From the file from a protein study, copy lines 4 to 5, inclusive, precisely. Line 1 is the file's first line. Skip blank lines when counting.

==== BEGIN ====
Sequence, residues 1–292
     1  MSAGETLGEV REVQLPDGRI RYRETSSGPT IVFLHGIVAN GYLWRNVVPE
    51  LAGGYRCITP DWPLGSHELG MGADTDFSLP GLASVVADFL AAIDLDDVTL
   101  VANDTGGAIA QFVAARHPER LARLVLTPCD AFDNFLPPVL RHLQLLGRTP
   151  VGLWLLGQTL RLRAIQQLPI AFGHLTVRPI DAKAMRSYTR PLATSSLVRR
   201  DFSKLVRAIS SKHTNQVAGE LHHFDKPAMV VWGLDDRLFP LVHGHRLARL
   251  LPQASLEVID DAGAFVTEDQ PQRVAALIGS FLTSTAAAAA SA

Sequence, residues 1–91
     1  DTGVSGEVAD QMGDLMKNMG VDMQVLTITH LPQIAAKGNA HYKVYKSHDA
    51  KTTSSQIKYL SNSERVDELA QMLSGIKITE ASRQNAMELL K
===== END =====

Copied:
   101  VANDTGGAIA QFVAARHPER LARLVLTPCD AFDNFLPPVL RHLQLLGRTP
   151  VGLWLLGQTL RLRAIQQLPI AFGHLTVRPI DAKAMRSYTR PLATSSLVRR